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1999 Tokyo Motor Show, Part II


1999 Honda FCX concept

1999 Honda FCX concept

HONDA FCX A full-size fuel-cell vehicle, there’s plenty of room in the FCX since its very thin fuel cells are stored beneath the floor. The short hood gives the car a dramatic cab-forward stance; inside, the FCX has delicately shaped seats and a futuristic digital dashboard.

1999 Honda Spocket concept

1999 Honda Spocket concept

HONDA SPOCKET From the hood to the tail, the Spocket looks like a sleek, small sportscar. But move the hood back, and it’s quickly apparent that this versatile 2+2 sports coupe can also be configured as a pickup truck with a low tailgate, to enable easy carrying of a motorcycle or mountain bikes.

1999 Honda Neukon concept

1999 Honda Neukon concept

HONDA NEUKON It looks like a Lilliputian bus, and in many ways the Honda Neukon is. With easy access through its doors, there’s room for up to five passengers in a unique 1+2+2 layout, giving everyone room to move. The two central seats can turn around to convert the vehicle into a rolling meeting room.

1999 Nissan XVL concept

1999 Nissan XVL concept

NISSAN XVL Taking center stage at Nissan was XVL, a luxury sedan with cutting-edge technology such as an EXTROID continuously-variable transmission, which uses power rollers instead of the belts common in most CVT systems. XVL is powered by a direct-injection 3.0-liter V-6, and is rear-wheel drive.

1999 Nissan Cypact concept

1999 Nissan Cypact concept

NISSAN CYPACT A nifty, small sport coupe with a direct-injection diesel engine, the Cypact uses a theme of a rounded triangle across its tail, front end, and inside on the stylish dash. Its thrifty engine meets Europe’s magical bogey of 3.0 liters of fuel consumed per 100 kilometers (about 75 mph). Also included in the Net-Gen compact: a mobile personal computer and a navigation system.

1999 Nissan AXY concept

1999 Nissan AXY concept

NISSAN AXY It looks and acts more like a large van, what with its sliding seats, roomy interior, and easy access for a wheelchair. But the AXY is no full-size behemoth, and it’s no fuel hog either: powered by a 2.0-liter direct-injection diesel engine and geared by a continuously variable transmission, it’s bandied as the naturally aware people mover.

1999 Honda Fuya-Jo concept

1999 Honda Fuya-Jo concept

HONDA FUYA-JO Is it the second coming of Darth Vader? This strange, Hooveresque vehicle’s name means "sleepless city." The Fuya-Jo is designed as the radical skateboarder’s automotive nirvana, with barstool-style seating, huge door-mounted speakers, storage racks on the tailgate for skateboards and gear, and possibly the most bizarre styling ever found on a concept vehicle. We’ll put this one up against Nissan’s 1995 concept QIX anyday.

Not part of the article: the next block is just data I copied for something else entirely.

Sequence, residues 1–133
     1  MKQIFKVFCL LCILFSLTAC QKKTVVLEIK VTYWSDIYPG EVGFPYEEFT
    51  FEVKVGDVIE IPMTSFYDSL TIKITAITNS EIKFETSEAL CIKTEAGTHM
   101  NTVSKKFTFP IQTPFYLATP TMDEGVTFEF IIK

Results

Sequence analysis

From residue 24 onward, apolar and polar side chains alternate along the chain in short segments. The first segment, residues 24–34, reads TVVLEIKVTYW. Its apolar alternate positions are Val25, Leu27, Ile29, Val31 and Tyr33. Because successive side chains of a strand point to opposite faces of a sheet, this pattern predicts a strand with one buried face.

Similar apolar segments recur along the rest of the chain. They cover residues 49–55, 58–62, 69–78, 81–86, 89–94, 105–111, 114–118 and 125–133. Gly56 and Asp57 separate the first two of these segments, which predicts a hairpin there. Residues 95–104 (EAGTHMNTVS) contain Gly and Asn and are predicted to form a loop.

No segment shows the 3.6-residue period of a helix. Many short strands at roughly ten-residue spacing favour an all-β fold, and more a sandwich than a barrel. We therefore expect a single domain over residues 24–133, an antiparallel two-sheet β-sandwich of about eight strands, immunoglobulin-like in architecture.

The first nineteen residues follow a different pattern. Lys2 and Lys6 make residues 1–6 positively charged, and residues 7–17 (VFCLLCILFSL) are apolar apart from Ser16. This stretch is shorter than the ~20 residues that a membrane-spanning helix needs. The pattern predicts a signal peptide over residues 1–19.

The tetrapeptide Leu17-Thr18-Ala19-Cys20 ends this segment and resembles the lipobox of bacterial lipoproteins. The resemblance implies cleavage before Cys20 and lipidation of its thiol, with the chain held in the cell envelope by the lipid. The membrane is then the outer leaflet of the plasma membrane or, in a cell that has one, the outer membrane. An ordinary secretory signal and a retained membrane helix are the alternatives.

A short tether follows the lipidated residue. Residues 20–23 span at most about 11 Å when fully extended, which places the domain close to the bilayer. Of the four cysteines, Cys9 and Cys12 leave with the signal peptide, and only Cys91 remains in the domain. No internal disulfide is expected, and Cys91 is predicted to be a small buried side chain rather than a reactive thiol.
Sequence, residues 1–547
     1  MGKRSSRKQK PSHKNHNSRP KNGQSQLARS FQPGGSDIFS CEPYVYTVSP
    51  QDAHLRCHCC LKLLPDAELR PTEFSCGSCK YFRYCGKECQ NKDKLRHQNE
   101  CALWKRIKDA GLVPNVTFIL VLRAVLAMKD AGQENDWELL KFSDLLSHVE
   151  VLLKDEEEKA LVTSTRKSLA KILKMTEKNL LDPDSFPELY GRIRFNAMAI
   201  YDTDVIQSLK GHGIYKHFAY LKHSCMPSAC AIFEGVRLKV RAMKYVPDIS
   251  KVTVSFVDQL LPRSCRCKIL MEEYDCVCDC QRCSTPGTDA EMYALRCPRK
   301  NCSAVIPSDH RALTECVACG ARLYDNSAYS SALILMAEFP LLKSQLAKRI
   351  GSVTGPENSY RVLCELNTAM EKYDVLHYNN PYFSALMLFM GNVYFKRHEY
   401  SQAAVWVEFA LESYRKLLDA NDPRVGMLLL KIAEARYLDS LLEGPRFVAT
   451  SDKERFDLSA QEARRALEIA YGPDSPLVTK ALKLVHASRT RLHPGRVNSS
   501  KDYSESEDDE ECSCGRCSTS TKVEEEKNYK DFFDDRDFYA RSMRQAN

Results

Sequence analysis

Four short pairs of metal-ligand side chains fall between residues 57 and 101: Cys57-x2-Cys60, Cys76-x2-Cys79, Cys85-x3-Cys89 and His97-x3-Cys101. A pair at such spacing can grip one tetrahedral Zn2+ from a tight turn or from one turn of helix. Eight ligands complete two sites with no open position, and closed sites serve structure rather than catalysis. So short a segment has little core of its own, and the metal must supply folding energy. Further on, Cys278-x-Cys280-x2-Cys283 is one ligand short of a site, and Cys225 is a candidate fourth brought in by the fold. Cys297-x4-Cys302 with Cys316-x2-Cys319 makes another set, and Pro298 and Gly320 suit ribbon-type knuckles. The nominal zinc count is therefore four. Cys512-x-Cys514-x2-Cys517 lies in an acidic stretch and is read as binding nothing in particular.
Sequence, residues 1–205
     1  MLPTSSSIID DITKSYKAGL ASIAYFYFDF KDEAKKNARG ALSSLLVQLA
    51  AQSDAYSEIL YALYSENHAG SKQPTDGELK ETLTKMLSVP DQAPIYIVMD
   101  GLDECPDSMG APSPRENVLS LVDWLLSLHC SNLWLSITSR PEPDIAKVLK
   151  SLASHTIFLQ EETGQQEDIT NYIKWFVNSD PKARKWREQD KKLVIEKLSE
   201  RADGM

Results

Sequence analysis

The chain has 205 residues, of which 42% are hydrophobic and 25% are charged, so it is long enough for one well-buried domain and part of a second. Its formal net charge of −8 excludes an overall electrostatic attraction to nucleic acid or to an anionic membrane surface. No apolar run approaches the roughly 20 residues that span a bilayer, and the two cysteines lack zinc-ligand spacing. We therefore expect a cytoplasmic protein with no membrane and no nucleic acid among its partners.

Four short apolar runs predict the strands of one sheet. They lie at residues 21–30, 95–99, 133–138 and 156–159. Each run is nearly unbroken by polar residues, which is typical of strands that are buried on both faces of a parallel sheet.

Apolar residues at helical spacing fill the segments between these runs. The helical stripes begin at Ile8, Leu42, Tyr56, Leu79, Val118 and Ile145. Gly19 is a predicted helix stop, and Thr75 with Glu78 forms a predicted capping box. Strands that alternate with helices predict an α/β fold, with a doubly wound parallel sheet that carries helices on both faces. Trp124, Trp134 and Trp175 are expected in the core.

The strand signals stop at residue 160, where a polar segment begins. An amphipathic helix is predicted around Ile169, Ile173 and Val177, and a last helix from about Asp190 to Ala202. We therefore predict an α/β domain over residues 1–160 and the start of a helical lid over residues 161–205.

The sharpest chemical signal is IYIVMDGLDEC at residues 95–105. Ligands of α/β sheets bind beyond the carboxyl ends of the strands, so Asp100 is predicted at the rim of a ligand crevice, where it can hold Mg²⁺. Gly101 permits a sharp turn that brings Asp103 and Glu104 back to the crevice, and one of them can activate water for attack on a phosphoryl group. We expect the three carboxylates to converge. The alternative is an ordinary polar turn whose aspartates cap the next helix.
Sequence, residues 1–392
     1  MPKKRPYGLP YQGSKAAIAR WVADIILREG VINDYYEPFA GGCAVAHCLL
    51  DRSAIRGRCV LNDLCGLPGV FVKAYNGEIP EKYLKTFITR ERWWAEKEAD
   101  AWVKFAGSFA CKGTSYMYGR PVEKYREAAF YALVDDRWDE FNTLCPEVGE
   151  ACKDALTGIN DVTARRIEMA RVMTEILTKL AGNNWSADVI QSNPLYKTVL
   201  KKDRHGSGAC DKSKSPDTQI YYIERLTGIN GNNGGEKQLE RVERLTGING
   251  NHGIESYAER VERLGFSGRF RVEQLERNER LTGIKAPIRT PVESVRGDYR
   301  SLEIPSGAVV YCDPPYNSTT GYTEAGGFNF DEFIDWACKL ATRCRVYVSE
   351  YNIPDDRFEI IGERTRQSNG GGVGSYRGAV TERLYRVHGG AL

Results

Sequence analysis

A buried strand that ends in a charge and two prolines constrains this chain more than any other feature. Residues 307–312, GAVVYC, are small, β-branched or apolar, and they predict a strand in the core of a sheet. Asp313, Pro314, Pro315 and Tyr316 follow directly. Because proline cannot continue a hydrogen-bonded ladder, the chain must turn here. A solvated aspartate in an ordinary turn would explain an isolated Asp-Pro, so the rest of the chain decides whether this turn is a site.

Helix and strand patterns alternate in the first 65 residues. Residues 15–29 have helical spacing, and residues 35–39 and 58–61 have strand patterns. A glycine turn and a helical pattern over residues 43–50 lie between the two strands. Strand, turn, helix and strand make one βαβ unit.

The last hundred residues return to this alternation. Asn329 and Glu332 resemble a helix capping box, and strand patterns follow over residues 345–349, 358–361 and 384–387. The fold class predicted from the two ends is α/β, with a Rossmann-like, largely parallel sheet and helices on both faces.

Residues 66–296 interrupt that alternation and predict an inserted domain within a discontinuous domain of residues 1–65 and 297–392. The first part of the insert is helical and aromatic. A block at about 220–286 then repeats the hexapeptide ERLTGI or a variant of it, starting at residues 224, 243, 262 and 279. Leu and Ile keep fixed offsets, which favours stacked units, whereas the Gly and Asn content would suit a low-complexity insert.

FUTURE LEGACIES What’s the next Subaru family sedan going to be like? Here’s a handful of indicators, starting with the handsome Fleet-X (green and silver), which is 30 percent lighter than the current legacy Touring Wagon through extensive use of alumnium, and more handsome too, we say. Next, the Blitzen (red) is a Porsche-designed B4 Legacy with a neat rear spoiler, a lowered suspension, and a deep air dam. Last on the list, the Super RFRB II, is probably the most accurate predictor of the next Legacy, with its aero front end seemingly production-ready.

1999 subaru Legacy Fleet-x

1999 subaru Legacy Fleet-x

   
1999 Subaru Legacy Blitzen

1999 Subaru Legacy Blitzen

   
1999 Subaru legacy Super RFRB II

1999 Subaru legacy Super RFRB II

1999 Chevrolet Triax concept

1999 Chevrolet Triax concept

CHEVROLET TRIAX The limited success of General Motors’ EV1 battery car shows the risk of putting all your alternative vehicle eggs in one powertrain basket. The Triax prototype is an example of the automaker’s new "multi-option strategy," which could let it shift gears fast in order to reflect changing market conditions — and the emergence of new technologies. At first glance, Triax is just one more of the many car/truck crossover vehicles hitting the auto show circuit these days. But under the skin, it features a modular design that allows GM to plug in any of a variety of energy sources — in this case, battery, gasoline, or a gas/electric hybrid powertrain. "It’s a global vehicle architecture which recognizes regional requirements," said GM Chairman Jack Smith. "It’s designed for high-volume, which would make it much more commercially viable" than previous battery-only electric vehicles. There are no production plans — for the moment — according to Smith, but the modular concept could influence future GM product designs.

 
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